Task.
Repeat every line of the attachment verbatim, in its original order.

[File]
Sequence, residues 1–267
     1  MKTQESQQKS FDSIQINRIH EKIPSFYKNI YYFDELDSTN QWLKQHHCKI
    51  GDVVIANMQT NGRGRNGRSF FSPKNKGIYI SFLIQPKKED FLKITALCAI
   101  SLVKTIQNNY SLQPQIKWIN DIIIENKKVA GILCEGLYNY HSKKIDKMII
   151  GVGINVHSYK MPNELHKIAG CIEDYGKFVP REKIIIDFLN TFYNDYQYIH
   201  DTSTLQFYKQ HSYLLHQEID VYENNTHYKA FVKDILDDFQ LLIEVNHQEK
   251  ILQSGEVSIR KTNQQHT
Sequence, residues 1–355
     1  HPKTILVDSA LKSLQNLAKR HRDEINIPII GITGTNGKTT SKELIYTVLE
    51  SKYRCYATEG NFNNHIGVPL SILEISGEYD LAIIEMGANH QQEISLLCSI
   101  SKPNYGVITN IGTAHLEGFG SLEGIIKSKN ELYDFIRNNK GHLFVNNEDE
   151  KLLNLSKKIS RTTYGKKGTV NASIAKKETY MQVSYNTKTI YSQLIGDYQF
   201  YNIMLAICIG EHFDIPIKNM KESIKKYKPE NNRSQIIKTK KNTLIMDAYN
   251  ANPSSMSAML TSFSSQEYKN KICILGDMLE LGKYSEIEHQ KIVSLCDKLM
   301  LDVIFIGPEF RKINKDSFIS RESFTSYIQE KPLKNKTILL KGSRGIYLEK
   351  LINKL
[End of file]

Sequence, residues 1–267
     1  MKTQESQQKS FDSIQINRIH EKIPSFYKNI YYFDELDSTN QWLKQHHCKI
    51  GDVVIANMQT NGRGRNGRSF FSPKNKGIYI SFLIQPKKED FLKITALCAI
   101  SLVKTIQNNY SLQPQIKWIN DIIIENKKVA GILCEGLYNY HSKKIDKMII
   151  GVGINVHSYK MPNELHKIAG CIEDYGKFVP REKIIIDFLN TFYNDYQYIH
   201  DTSTLQFYKQ HSYLLHQEID VYENNTHYKA FVKDILDDFQ LLIEVNHQEK
   251  ILQSGEVSIR KTNQQHT
Sequence, residues 1–355
     1  HPKTILVDSA LKSLQNLAKR HRDEINIPII GITGTNGKTT SKELIYTVLE
    51  SKYRCYATEG NFNNHIGVPL SILEISGEYD LAIIEMGANH QQEISLLCSI
   101  SKPNYGVITN IGTAHLEGFG SLEGIIKSKN ELYDFIRNNK GHLFVNNEDE
   151  KLLNLSKKIS RTTYGKKGTV NASIAKKETY MQVSYNTKTI YSQLIGDYQF
   201  YNIMLAICIG EHFDIPIKNM KESIKKYKPE NNRSQIIKTK KNTLIMDAYN
   251  ANPSSMSAML TSFSSQEYKN KICILGDMLE LGKYSEIEHQ KIVSLCDKLM
   301  LDVIFIGPEF RKINKDSFIS RESFTSYIQE KPLKNKTILL KGSRGIYLEK
   351  LINKL